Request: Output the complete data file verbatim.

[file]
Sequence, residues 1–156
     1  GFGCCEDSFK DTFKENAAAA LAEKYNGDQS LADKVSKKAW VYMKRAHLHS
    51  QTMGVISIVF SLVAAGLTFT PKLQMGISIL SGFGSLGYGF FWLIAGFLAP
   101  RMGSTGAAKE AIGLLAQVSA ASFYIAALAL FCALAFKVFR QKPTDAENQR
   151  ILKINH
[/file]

Sequence, residues 1–156
     1  GFGCCEDSFK DTFKENAAAA LAEKYNGDQS LADKVSKKAW VYMKRAHLHS
    51  QTMGVISIVF SLVAAGLTFT PKLQMGISIL SGFGSLGYGF FWLIAGFLAP
   101  RMGSTGAAKE AIGLLAQVSA ASFYIAALAL FCALAFKVFR QKPTDAENQR
   151  ILKINH